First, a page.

By Eric Booth, Founder, ITAC Collaborative
Every once in a while, you can feel the future breaking through the crust of the present. That’s what ITAC5 felt like—the Fifth International Teaching Artist Conference, designed in and led by South Korea. The host was KACES (Korea Arts & Culture Education Service), the same government agency that runs the Korean El Sistema program The Orchestra of Dream, which is one of the world’s largest national El Sistema programs outside of Latin America.
The four previous ITAC conferences (Oslo 2012, Brisbane 2014, Edinburgh 2016, New York/Carnegie Hall 2018) had established high expectations for creative design and high engagement. Their momentum led to the 2018 launch of the year-round ITAC Collaborative, which is building the world’s first network of artists who work in communities and schools. (Please join!)
For the 2020 conference, the Korean team spent two years preparing for hundreds of ITAC5 delegates to arrive in Seoul for the live conference on September 15–17. But when the extent of the pandemic became clear last May, they made the radical switch to become the first virtual ITAC. They faced the challenge of reimagining a complex and intensive conference that was beloved for the intimacy and hands-on practice that led to success in building global connections. The field of teaching artistry, as all music for social change practitioners know, is built on person-to-person connections. How could they possibly approximate that vibrant physical connectedness with delegates confined to hundreds of tiny rectangular boxes on a Zoom screen?
Somehow, they arrived at solutions. They created a lively, joyful, highly engaging three days of action that accomplished the goal of sparking connections across languages, disciplines, and nations. Their success sprang partly from their planning committee of experienced teaching artists, who brought to the process an informed sense of what’s engaging; good teaching artists understand how to maximize the quality of engagement, even in a virtual medium.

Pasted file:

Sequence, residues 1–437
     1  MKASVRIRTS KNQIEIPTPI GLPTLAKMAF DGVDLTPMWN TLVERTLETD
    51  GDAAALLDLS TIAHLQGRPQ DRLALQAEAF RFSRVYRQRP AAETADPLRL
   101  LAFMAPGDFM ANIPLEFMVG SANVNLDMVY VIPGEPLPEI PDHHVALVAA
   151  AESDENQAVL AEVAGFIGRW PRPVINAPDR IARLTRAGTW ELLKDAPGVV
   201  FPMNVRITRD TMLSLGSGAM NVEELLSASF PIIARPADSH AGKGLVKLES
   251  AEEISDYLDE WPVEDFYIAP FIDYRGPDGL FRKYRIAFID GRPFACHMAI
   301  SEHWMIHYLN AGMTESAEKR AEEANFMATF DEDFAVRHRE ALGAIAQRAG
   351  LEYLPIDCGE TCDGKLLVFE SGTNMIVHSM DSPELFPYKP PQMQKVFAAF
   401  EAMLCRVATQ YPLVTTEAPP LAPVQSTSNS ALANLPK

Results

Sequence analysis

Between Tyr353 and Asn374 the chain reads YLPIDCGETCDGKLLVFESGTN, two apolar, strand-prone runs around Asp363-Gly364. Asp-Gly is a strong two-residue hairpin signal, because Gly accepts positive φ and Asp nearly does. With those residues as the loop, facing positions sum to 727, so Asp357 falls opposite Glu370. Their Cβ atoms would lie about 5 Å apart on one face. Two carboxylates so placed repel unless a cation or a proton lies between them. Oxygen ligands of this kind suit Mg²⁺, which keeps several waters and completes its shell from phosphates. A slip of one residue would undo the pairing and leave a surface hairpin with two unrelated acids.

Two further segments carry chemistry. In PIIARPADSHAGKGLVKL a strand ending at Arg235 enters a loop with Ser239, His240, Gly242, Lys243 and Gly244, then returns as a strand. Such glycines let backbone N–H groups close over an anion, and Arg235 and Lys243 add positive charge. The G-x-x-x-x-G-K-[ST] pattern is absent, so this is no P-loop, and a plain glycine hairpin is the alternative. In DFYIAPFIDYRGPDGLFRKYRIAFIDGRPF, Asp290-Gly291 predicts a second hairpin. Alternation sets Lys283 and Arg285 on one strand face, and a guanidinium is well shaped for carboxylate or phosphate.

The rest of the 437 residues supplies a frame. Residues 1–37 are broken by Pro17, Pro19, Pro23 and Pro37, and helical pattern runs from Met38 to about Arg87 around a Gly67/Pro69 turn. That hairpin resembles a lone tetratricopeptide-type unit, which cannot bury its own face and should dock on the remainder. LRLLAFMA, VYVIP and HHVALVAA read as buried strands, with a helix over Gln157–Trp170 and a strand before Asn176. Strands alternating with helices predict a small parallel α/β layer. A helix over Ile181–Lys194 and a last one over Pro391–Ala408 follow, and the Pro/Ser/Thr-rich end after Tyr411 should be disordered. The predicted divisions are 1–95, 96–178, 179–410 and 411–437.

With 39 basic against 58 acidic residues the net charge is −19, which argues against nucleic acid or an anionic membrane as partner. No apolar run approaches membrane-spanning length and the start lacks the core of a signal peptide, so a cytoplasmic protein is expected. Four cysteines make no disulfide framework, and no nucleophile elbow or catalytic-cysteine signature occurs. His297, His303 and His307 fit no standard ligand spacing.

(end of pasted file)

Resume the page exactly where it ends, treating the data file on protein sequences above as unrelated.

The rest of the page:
And the Internet itself, so limiting in some areas, helped with achieving success in others. One obvious area was attendance. The conference always allows a maximum of 350 full delegates (to encourage personal connecting) and is always sold out. This year, by going virtual, the hosts were able to include an additional thousand live-streaming observers from 44 countries; an additional 6,000-plus people watched parts of the conference on YouTube. Thank you, Internet, for enabling this dramatic increase in visibility.
Another area where the Internet was beneficial was the recording of all sessions, so everyone could view sessions they weren’t able to attend in real time.
Here are nine features of their design—you may want to borrow from their experimentation.
Presenter and delegate bios. There were warm personal videos and/or introductory materials about every delegate and presenter, including samples of their art and statements about their interests and experience. This background information was richer and handier than the usual equivalents one finds at in-person gatherings.
Themes. The overall theme of ITAC5 was “Boundaries Into New Pathways,” and the switch to a virtual conference made the theme all the more pertinent. Each of the three days of the conference had a main focus. Day 1 was about “Unlearning”: What do teaching artists need to unlearn to have greater impact, and how do we manage this unlearning? Day 2 focused on “Local and Nomadic Practices”: What work is particular to settled communities, and what work can travel and be effective everywhere? Day 3 examined “Peace and Reconciliation”: How do teaching artists create peace in a troubled world?